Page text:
The most comprehensive compilation of information on the status of
women in the world.

Latest items for IAW-PRACTICE-1

March 25, 2019, 2:20 p.m.
Countries: Liberia
Variables: IAW-PRACTICE-1

"In rural areas traditional practice or traditional leaders often did not recognize a woman’s right to inherit land. Programs to educate traditional leaders on women’s rights made some progress, but authorities often did not enforce those rights" (24).
March 21, 2019, 11:12 p.m.
Countries: Syria
Variables: IAW-PRACTICE-1

"During the year there were reports that, in some regions, custom prevailed over the law and women received no inheritance" (para 198). "According to several groups, including HRW, extremist armed groups placed discriminatory restrictions on women and girls in Aleppo, al-Hassakah, Idlib, and Raqqa governorates. Such restrictions included strict dress codes, limitations on women’s engagement in public life and ability to move freely, and constraints on their access to education and employment" (para 202). "In areas under its control, Da’esh published a 'Civilization Document' with 16 points that a woman must follow or face the death penalty. They included staying at home and not leaving it without an immediate male...more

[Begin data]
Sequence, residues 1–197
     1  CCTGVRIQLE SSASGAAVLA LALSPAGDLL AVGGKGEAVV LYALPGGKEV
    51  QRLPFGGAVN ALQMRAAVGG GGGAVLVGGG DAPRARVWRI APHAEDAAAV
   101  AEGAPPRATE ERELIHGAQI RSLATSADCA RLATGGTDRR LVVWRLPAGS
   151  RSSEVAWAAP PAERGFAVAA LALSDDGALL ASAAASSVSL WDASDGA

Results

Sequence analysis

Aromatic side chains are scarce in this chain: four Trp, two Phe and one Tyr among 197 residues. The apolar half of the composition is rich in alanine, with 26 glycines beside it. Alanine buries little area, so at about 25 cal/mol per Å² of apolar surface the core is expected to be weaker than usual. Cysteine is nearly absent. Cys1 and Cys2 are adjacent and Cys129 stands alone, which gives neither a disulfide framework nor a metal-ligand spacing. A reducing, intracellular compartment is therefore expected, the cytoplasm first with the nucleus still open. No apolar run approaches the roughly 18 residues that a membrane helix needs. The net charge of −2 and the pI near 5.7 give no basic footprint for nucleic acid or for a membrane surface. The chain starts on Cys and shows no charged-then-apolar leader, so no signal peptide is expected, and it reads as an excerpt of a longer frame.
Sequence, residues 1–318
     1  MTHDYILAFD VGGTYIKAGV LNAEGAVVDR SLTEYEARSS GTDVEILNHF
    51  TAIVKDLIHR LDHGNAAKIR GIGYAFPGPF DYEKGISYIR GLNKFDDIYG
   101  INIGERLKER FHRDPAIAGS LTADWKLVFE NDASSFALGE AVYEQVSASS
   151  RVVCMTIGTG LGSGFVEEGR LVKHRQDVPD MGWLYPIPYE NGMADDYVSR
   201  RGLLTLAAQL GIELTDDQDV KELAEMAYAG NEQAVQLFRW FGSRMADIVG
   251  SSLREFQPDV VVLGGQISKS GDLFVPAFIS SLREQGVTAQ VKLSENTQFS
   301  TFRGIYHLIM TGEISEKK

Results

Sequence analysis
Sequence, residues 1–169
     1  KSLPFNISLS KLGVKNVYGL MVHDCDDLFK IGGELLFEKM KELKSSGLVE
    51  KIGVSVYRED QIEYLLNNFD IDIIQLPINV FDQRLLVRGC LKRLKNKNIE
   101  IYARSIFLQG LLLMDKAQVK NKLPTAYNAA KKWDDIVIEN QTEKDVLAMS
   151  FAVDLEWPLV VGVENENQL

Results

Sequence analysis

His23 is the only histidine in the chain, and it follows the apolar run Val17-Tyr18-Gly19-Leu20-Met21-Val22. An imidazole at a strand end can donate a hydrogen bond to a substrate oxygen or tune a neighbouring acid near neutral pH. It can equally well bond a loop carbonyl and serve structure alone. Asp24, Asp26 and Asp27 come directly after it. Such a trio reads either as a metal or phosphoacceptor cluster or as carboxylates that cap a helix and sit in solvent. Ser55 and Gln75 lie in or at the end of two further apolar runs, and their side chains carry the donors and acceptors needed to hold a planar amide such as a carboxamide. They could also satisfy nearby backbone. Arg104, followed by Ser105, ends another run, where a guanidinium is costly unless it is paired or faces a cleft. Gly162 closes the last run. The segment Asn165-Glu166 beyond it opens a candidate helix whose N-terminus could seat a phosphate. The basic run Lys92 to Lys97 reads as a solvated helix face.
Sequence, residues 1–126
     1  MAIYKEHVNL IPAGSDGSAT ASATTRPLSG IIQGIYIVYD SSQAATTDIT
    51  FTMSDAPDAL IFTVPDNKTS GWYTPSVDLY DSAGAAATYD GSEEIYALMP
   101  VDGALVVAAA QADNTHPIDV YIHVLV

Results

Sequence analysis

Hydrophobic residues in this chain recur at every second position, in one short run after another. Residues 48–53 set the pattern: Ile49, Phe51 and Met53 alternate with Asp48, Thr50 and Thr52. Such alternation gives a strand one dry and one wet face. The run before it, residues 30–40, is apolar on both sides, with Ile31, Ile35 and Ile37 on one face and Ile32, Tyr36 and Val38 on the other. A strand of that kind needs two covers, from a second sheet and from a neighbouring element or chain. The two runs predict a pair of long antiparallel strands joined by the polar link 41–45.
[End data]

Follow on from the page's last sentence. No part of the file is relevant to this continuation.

March 20, 2019, 11:36 p.m.
Countries: Namibia
Variables: IAW-PRACTICE-1

"Traditional practices in certain northern regions, however, permitted family members to confiscate the property of deceased men from their widows and children" (11).
March 15, 2019, 11:35 a.m.
Countries: Vanuatu

"Although the law does not prohibit women from owning or inheriting property or land, tradition generally bars women from land ownership or property inheritance" (9).
March 7, 2019, 10:28 p.m.
Countries: Suriname
Variables: IAW-PRACTICE-1

"Where local customs remain a strong influence on the family unit, inheritance rights pass to husbands" (12).
Feb. 11, 2019, 6:49 p.m.
Countries: Sierra Leone

"Women face the risk of losing control over the land when their husband dies or if they divorce. Male children from the marriage inherit the land but if there are no children and if a woman remarries into her late husband’s family, she can continue to cultivate the land. A woman who returns to her patrilineal family regains her rights to land for cultivation from the male head of her family" (para 2)